To enjoy Cape Cod in winter, you must abandon all previous thoughts of what makes this remote peninsula so alluring at other times of the year. Gone is the penetrating warmth of summer sand, and the omnipresent mopheads of hydrangea blossoms. What remains is stark, cold, and infinitely beautiful.
“In the depth of winter, I finally learned that there was in me an invincible summer.” –Albert Camus
At the Captain Farris House, we welcome the change of seasons. Though we’ve said goodbye to long, lazy beach days and the brilliance of fall foliage, winter brings with it an opportunity to take a step back, slow the pace, and appreciate nature in its winter garb.
A brisk walk along a sandy shoreline is perhaps one of the most invigorating outdoor activities to enjoy on a winter’s day on Cape Cod. Waves crashing and seagulls screeching overhead. The sky an impossible blue. And you alone on a beach. If you brave the cold and bundle up, 560 miles of coastline await your footsteps. The natural beauty that you love in summer is even more beautiful in the depths of winter.
But the beach is not the only place you can connect with nature on Cape Cod in winter. Miles of paved bike paths, public walking trails, and nature preserves beckon just as loudly in winter as summer. Here, in no particular order, are just a few of the places you can explore on foot.
- Beebe Woods is a 383-acre conservation area with extensive hiking trails just off the main streets in downtown Falmouth. Take Depot Avenue to the top of the hill. The trails lead out to two different ponds with signs marking the way. Maps and trail guides are available at the 300 Committee Office, 157 Locust St., Falmouth.
- Cape Cod Museum of Natural History has a network of walking trails through the marsh behind the Museum that lead out to Cape Cod Bay, with additional trails across the street. The Wing Trail goes through upland woodland, salt marsh, dune and tidal flats on a mile-long round-trip walk. Tides can limit access, so check for times of low tide, unless you’re willing to wade through ankle-deep water for a while. For two quick strolls, the “Loop” and South trails at the museum provide a quarter-mile and three-quarter-mile trail, respectively. 869 Route 6A, Brewster, MA.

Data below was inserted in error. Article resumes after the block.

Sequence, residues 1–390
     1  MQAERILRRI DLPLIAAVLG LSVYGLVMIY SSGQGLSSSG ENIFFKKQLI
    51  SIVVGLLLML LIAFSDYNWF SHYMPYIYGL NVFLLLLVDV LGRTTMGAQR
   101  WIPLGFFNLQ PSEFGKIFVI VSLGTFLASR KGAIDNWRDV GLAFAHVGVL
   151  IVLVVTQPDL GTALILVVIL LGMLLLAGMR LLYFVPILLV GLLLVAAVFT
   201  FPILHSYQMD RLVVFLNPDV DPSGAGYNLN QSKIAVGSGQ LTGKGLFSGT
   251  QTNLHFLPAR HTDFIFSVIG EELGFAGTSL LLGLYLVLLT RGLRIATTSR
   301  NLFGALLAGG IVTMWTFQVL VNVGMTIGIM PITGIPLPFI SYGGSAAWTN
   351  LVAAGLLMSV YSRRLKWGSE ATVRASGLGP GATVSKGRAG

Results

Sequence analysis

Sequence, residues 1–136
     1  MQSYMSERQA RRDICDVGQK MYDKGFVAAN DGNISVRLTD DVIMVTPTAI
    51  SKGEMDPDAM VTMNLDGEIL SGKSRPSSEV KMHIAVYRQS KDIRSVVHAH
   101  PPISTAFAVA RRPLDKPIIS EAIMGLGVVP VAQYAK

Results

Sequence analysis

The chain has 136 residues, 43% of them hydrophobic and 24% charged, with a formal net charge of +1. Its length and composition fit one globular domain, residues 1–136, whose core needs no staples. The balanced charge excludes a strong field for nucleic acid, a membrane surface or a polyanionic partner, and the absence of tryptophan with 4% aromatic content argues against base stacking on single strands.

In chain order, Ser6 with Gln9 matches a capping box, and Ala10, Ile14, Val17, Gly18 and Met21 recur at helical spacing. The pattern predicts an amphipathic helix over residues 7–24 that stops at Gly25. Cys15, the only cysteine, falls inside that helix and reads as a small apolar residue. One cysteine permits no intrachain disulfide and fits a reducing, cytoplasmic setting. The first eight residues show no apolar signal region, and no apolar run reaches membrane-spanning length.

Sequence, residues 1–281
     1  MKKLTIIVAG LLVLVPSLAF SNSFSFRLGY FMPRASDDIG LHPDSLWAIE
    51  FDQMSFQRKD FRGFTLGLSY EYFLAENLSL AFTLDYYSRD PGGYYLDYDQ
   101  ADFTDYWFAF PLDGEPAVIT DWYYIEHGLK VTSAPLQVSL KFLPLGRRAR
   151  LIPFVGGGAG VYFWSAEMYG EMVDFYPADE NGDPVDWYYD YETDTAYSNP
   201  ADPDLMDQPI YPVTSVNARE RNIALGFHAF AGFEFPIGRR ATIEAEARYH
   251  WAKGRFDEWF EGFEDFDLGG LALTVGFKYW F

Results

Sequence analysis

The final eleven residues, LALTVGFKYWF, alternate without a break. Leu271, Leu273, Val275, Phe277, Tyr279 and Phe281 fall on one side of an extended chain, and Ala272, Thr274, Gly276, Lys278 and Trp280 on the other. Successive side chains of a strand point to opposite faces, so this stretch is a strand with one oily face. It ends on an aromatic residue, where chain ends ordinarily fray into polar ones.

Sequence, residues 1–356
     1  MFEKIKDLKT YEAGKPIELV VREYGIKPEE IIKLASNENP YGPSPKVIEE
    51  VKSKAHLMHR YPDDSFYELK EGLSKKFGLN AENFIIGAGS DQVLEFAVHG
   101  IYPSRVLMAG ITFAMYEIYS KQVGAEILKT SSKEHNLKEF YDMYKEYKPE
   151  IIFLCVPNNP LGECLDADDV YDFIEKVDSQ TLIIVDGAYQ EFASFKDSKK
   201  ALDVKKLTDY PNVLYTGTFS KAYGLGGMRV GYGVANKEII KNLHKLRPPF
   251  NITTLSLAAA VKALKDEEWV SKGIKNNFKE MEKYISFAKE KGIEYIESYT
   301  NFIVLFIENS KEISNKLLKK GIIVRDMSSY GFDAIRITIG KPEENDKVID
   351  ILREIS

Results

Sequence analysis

- Nickerson State Park also in Brewster, offers miles of trails that wind though acres of undisturbed woodland and around eight ponds. 3488 Route 6A, Brewster, MA.
- Punkhorn Parklands provides miles of trails that can be accessed from Run Hill Road, off Setucket Road in Brewster. The Punkhorn also offers opportunities for fishing, canoeing, kayaking, birding and picnicking. It’s wise to take a map of the parklands with you before you set out to hike, because the network of trails can be confusing. Nearby is the herring run, located at the intersection of Satucket and Stony Brook roads, just down from Run Hill Road.
- Wellfleet Bay Wildlife Sanctuary provides five miles of trails that wind through varied habitats, including woodlands, salt marsh and heath restoration. 291 Route 6, Wellfleet, MA.
- Cape Cod Canal is bordered on either side by paved service roads perfect for walking, bike riding, and in-line skating. Access Cape side trail at the end of Freezer Road in Sandwich.
- The Murkwood Conservation Area covers 79 acres in East Sandwich, and a short trail meanders through a lovely woodland just off Route 6A near Scorton Creek.
- Chatham Light to Monomoy Point Light is an 18-mile walk, much of it through sand and along the beach from Chatham Light at the corner of Shore Road and Main Street in Chatham to Monomoy Point Light on South Monomoy Island.
After a long walk outdoors, the promise of a soothing cup of tea, a warm berry scone, and a delicate array of tea sandwiches seems the perfect way to end your day. Join us for afternoon tea served in our charming dining room and indoor courtyard space. Reservations are required, so book your tea time in advance. Then relax with family or friends over a warm, inviting cup of tea after a day spent savoring Cape Cod in winter.